By Cindi John
BBC News community affairs reporter
Most people polled supported multiculturalism
Last week Prime Minister Tony Blair said he did not know what people meant when they referred to 'multiculturalism' but a BBC poll appears to show a high level of acceptance of multicultural Britain.
Of the 1,000 people questioned, 62% said multiculturalism made Britain "a better place to live", however, almost the same proportion said people "should adopt the values and traditions of British culture."
The response in the BBC poll seems to suggest that although ethnic minorities are generally thought to enhance life in Britain, adopting the British way of life is a prerequisite to their acceptance by society at large.
That would seem to suggest a shift in the general public's perception of what multiculturalism is all about.
In the 1980s and 1990s it was promoted enthusiastically as a means of enabling minority communities to retain their own culture and traditions while taking part in the life of mainstream society.
But in recent years concern has been expressed that multiculturalism is leading to segregation of some of Britain's ethnic minority communities.
Among those calling for the policy to be scrapped was the chairman of the Commission for Racial Equality (CRE), an organisation which was formerly a long-time champion of multiculturalism.
Last year Trevor Phillips said the term was no longer useful as it suggested "separateness" and called for all citizens to "assert a core of Britishness."
Former CRE chairman Herman Ouseley says after Mr Phillips remarks, the confusion about what multiculturalism means is not surprising.
"If you say multiculturalism has created an environment in which people from different minorities have come here and won't integrate then I think clearly what you're doing is putting in people's mind the fact they should believe people should integrate," Lord Ouseley said.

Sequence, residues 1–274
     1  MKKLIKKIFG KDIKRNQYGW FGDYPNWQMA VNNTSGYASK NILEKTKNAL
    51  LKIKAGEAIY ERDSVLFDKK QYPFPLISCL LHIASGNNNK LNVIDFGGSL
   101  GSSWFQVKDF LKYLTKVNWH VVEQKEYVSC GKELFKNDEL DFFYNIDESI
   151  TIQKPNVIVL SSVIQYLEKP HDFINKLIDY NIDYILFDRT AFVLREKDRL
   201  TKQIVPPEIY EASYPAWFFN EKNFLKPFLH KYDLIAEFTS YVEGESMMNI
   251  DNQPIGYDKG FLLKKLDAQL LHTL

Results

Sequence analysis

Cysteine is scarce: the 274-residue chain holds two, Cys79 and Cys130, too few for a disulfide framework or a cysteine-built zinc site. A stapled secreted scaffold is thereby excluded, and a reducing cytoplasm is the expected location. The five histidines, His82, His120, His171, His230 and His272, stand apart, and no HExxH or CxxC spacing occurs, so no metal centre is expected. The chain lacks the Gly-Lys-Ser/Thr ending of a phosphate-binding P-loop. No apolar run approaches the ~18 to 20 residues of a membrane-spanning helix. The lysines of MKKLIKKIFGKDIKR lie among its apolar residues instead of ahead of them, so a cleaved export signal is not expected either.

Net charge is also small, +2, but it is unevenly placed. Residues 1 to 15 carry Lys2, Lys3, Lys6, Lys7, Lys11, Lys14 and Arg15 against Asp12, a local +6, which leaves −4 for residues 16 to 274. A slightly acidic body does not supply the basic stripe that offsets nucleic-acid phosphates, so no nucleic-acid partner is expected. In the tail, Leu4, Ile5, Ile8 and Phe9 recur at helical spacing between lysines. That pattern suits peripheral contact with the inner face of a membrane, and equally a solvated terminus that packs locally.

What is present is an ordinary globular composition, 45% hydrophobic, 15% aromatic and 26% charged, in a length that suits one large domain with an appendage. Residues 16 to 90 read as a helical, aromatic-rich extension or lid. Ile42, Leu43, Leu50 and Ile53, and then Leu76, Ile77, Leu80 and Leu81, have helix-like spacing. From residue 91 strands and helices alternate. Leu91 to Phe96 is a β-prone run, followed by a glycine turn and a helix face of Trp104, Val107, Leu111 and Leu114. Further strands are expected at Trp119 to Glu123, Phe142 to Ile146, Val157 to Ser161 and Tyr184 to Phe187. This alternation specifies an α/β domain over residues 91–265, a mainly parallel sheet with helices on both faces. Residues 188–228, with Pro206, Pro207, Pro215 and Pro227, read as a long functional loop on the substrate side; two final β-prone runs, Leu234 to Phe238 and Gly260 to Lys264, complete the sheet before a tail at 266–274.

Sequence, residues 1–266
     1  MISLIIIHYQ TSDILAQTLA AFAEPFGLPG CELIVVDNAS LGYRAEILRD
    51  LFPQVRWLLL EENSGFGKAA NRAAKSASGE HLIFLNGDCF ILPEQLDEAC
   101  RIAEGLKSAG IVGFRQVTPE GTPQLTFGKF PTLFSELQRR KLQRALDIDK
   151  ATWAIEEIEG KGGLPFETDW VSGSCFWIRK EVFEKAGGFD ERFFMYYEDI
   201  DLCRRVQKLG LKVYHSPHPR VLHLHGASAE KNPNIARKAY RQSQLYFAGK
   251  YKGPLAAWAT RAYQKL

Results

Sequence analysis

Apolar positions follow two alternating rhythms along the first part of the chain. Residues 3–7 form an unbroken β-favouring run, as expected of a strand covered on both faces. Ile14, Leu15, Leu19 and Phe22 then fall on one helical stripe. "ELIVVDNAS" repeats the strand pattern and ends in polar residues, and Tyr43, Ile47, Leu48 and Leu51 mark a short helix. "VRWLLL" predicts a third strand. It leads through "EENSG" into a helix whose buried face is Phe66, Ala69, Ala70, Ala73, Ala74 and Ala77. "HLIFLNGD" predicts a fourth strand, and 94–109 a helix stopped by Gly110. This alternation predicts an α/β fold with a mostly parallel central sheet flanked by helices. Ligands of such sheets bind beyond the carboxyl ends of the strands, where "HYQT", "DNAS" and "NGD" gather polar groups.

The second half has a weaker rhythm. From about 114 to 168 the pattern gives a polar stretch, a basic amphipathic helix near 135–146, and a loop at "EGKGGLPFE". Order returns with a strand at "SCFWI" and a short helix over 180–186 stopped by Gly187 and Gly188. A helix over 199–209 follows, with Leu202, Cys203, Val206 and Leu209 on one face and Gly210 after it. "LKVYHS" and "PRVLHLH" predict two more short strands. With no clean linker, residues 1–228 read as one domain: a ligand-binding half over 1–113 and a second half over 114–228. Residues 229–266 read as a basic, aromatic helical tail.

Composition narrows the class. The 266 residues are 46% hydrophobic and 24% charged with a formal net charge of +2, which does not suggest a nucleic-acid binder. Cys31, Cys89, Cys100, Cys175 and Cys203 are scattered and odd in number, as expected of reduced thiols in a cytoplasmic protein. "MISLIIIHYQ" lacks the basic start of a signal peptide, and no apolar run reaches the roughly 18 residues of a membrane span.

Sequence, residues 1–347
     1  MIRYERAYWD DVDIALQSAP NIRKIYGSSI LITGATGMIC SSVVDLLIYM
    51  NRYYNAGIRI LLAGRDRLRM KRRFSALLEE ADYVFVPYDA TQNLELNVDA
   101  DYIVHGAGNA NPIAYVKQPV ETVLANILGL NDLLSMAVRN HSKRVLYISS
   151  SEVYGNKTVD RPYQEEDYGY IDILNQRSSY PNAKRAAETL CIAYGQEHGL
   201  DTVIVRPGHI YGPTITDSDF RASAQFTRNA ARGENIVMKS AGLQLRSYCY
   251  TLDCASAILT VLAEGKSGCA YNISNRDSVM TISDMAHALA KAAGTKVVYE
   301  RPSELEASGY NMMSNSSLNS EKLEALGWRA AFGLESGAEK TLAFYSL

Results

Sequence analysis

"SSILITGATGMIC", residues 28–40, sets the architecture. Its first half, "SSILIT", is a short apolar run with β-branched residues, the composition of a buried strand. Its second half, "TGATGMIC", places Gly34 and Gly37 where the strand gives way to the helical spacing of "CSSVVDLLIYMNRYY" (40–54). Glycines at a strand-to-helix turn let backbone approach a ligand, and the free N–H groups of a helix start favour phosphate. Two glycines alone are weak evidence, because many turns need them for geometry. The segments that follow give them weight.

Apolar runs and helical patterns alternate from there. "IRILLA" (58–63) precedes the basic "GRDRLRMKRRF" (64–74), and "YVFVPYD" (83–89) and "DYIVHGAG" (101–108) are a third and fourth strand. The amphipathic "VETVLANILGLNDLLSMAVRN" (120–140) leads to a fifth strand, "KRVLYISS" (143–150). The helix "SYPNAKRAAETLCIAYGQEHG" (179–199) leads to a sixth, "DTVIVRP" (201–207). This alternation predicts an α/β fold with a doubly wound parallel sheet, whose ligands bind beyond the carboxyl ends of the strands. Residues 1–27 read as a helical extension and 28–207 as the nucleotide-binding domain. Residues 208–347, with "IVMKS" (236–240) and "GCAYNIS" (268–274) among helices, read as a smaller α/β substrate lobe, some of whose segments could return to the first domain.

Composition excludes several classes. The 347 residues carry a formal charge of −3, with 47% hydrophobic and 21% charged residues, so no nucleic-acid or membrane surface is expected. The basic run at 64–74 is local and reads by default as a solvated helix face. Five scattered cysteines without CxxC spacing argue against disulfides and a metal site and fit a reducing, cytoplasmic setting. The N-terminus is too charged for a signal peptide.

And he admitted he no longer understood himself what multiculturalism meant.
"It's like racism, it's an overused word that's applied in so many ways it loses its value. Or it's misunderstood and people then become afraid to talk about it or they use it as a means of beating somebody over the head."
Race activist and diversity consultant Linda Bellos agrees multiculturalism is a word that's hard to define.
"I've never personally used the word "multicultural" because I think it's very imprecise and so open to misinterpretation. My general feeling is that it's a portmanteau word which means anything to anyone who wants to define it," Ms Bellos said.
The implication that multicultural issues only concerned ethnic minorities was also wrong, she added.
"We have millions of people of Irish heritage in Britain who are actually rather proud of their Irish heritage, they could and should be part of the debate but it has become polarised as a black and white issue and that's part of the problem," Ms Bellos said.
According to Rhian Beynon of the Joint Council for the Welfare of Immigrants, multiculturalism has fallen victim to a negative press.
"I think "multiculturalism" is like "asylum seeker", it's become tainted because of the way some individuals have used it and I think there is a school of thought that lumps multiculturalism in with political correctness and would jeer at it."
But Rob Berkeley of the race think tank the Runnymede Trust says whatever the debate about the meaning of the word, the policy remains sound.
"The key things are that we do pursue a shared national identity and some shared common values based on our shared humanity.
"And we need also to ensure people are treated fairly and their identities are not denigrated or subsumed into some sort of non-identity because that gets rid of all the benefits of diversity."